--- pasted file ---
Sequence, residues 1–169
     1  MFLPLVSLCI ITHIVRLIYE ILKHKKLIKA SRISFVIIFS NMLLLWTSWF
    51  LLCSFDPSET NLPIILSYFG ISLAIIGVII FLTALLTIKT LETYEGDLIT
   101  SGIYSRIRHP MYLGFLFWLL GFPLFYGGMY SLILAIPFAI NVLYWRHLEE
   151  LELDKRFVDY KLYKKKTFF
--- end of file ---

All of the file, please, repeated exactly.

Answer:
Sequence, residues 1–169
     1  MFLPLVSLCI ITHIVRLIYE ILKHKKLIKA SRISFVIIFS NMLLLWTSWF
    51  LLCSFDPSET NLPIILSYFG ISLAIIGVII FLTALLTIKT LETYEGDLIT
   101  SGIYSRIRHP MYLGFLFWLL GFPLFYGGMY SLILAIPFAI NVLYWRHLEE
   151  LELDKRFVDY KLYKKKTFF